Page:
The Oslo butcher and the “Complete Idiot’s Guide to Understanding Islam”….

The extremist thinkers of the West (read: Islamophobe ideologues) are having tough time in describing the brutal massacre of Norway. They are struggling to find suitable phrases to describe this gory incident. Some were quick to attribute the massacre to Muslim terrorists but soon, they had to eat their words. Others described this act as a personal lunacy of a misguided youth. No one was ready to describe him as a Christian terrorists or at least a Christian extremist; for terrorism, in their enlightened view, is synonymous with Islam alone.  Apart from the fact that this crime was provoked in the same way the acts of terrorism are provoked, it will be interesting to note that those dealing with Muslim extremists are trained about Islam in such a way that they are swayed more by Islamophobic propaganda than truth. For example, the training material consisting of slide show presentation for FBI operatives has a recommended reading list which included the”Complete Idiot’s Guide to Understanding Islam” and “The Politically Incorrect Guide to Islam.” FBI officials were also instructed that Muslims were simple folk with seventh century ways.

“Based on this presentation, it is easy to see why so many in law enforcement and the FBI view American Muslims with ignorance and suspicion,” says Farhana Khera, executive director of Muslim Advocates. “The presentation appears to treat all Muslims with one broad brush and makes no distinction between lawful religious practice and beliefs and unlawful activities.”

Were the FBI and the Oslo butcher reading the same training material? Breivik’s world view was certainly not his own, he was obviously inspired by extremist thinking of those who are no different from the Muslim ideologues preaching blood in the name of God.

There is, however, one stark and remarkable difference in reacting to the incident; while Muslims generally deny and blame such acts on conspiracy or worst glorify the acts of terrorism, the general European public unanimously condemned the act. Even the spiritual mentors of the killer distanced themselves from him.

According to a recent article of Foreign Policy, “one of the striking features of Anders Breivik’s worldview (which is shared by some of the Islamophobe ideologues who influenced his thinking) is the idea that he is defending some fixed and sacred notion of the “Christian West,” which is supposedly under siege by an aggressive alien culture.”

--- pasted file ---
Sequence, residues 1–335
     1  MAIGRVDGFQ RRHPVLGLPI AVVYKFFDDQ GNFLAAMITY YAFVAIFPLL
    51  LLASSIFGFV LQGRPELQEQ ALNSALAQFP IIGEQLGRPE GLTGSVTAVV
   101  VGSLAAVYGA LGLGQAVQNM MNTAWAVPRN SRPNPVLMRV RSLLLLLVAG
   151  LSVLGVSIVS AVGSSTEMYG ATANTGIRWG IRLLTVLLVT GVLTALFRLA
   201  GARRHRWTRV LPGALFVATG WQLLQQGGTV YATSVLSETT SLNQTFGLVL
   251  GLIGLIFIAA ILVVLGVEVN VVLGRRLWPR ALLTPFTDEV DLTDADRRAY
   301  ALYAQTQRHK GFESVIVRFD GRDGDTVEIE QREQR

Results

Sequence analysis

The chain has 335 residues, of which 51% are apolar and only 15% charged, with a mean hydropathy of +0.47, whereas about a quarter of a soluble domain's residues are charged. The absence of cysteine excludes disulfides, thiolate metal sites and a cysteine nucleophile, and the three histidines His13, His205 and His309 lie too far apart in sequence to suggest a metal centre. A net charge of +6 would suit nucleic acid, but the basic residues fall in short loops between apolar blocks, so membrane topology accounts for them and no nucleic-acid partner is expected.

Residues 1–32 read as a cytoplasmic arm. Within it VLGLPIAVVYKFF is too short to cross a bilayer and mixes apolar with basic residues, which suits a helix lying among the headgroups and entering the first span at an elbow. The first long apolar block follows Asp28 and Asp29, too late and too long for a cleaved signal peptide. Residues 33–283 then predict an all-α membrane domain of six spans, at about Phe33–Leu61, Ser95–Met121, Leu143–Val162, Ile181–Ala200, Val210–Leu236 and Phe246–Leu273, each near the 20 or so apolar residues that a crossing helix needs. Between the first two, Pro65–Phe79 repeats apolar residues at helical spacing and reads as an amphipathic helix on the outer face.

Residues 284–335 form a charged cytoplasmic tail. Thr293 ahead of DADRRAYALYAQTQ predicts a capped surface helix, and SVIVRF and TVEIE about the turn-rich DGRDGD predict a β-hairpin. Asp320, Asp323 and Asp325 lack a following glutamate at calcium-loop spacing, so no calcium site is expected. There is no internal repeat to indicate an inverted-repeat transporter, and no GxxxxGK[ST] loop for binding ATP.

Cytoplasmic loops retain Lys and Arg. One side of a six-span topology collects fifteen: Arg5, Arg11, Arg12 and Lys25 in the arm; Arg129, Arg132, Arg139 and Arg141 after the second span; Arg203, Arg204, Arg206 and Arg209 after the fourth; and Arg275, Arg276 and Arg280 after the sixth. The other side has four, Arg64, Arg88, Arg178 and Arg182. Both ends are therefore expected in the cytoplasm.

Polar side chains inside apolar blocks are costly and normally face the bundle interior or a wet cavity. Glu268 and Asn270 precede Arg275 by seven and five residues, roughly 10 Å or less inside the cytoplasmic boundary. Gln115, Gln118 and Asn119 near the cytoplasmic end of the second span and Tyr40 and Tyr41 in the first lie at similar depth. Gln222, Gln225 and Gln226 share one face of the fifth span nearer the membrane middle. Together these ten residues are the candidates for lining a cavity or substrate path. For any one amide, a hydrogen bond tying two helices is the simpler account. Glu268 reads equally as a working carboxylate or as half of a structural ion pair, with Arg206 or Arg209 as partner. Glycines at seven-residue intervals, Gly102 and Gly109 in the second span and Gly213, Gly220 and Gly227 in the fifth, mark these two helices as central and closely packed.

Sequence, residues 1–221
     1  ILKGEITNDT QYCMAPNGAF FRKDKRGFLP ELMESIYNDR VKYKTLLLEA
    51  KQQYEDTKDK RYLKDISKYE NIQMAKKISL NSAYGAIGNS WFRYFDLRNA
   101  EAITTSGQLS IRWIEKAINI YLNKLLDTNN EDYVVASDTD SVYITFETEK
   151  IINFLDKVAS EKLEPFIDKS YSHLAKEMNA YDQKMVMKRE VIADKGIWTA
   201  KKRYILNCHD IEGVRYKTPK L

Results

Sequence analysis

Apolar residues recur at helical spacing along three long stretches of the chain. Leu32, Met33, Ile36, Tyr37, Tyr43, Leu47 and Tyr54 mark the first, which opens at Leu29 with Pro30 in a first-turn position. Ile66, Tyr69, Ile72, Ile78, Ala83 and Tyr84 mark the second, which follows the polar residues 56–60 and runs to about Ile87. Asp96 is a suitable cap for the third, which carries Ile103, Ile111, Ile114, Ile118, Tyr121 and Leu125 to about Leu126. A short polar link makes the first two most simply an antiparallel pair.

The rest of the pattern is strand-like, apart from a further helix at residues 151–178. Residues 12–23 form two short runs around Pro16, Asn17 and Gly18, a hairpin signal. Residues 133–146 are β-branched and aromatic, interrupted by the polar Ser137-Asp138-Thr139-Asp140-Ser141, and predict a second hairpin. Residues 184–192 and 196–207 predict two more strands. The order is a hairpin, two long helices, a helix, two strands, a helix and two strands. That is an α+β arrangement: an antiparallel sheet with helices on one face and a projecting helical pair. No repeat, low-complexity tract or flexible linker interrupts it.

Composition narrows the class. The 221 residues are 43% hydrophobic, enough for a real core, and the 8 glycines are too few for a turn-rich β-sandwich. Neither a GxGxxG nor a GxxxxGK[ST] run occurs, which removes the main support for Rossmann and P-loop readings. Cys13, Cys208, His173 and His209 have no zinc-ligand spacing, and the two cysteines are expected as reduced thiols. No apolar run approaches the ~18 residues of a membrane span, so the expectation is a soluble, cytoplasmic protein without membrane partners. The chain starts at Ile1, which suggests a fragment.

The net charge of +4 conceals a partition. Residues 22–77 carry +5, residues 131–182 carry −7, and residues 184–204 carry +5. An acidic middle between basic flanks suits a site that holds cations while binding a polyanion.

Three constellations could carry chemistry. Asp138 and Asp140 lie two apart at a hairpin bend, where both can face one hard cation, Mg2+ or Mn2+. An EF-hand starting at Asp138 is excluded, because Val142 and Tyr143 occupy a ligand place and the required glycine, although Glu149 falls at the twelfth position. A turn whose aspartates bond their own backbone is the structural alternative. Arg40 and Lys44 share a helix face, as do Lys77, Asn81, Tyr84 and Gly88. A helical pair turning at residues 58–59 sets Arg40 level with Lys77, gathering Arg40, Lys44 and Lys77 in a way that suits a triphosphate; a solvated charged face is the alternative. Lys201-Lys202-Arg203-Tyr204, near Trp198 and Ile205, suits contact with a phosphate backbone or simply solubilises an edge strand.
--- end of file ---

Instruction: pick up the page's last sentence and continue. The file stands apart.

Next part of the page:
The article analyses the problems associated with this worldview (among other things, it greatly overstates the actual size of the immigrant influx in places like Norway, whose Muslim minority is less than 4 percent of the population). In addition, such paranoia also rests on a wholly romanticized vision of what the “Christian West” really is, and it ignores the fact that what we now think of as “Western civilization” has changed dramatically over time, partly in response to influences from abroad. For starters, Christianity itself is an import to Europe — it was invented by dissident Jews in Roman Palestine and eventually spread to the rest of Europe and beyond.

Moreover, even Christian Europe is hardly a fixed cultural or political entity. The history of Western Europe (itself an artificial geographic construct) featured bitter religious wars, the Inquisition, patriarchy of the worst sort, slavery, the divine right of kings, the goofy idea of “noble birth,” colonialism, and a whole lot of other dubious baggage. Fundamentalists like Breivik pick and choose among the many different elements of Western culture in order to construct a romanticized vision that they now believe is under “threat.” This approach is not that different from Osama bin Laden’s desire to restore the old Muslim Caliphate; each of these extremists is trying to preserve (or restore) an idealized vision of some pure and sacred past, based on a remarkably narrow reading of history.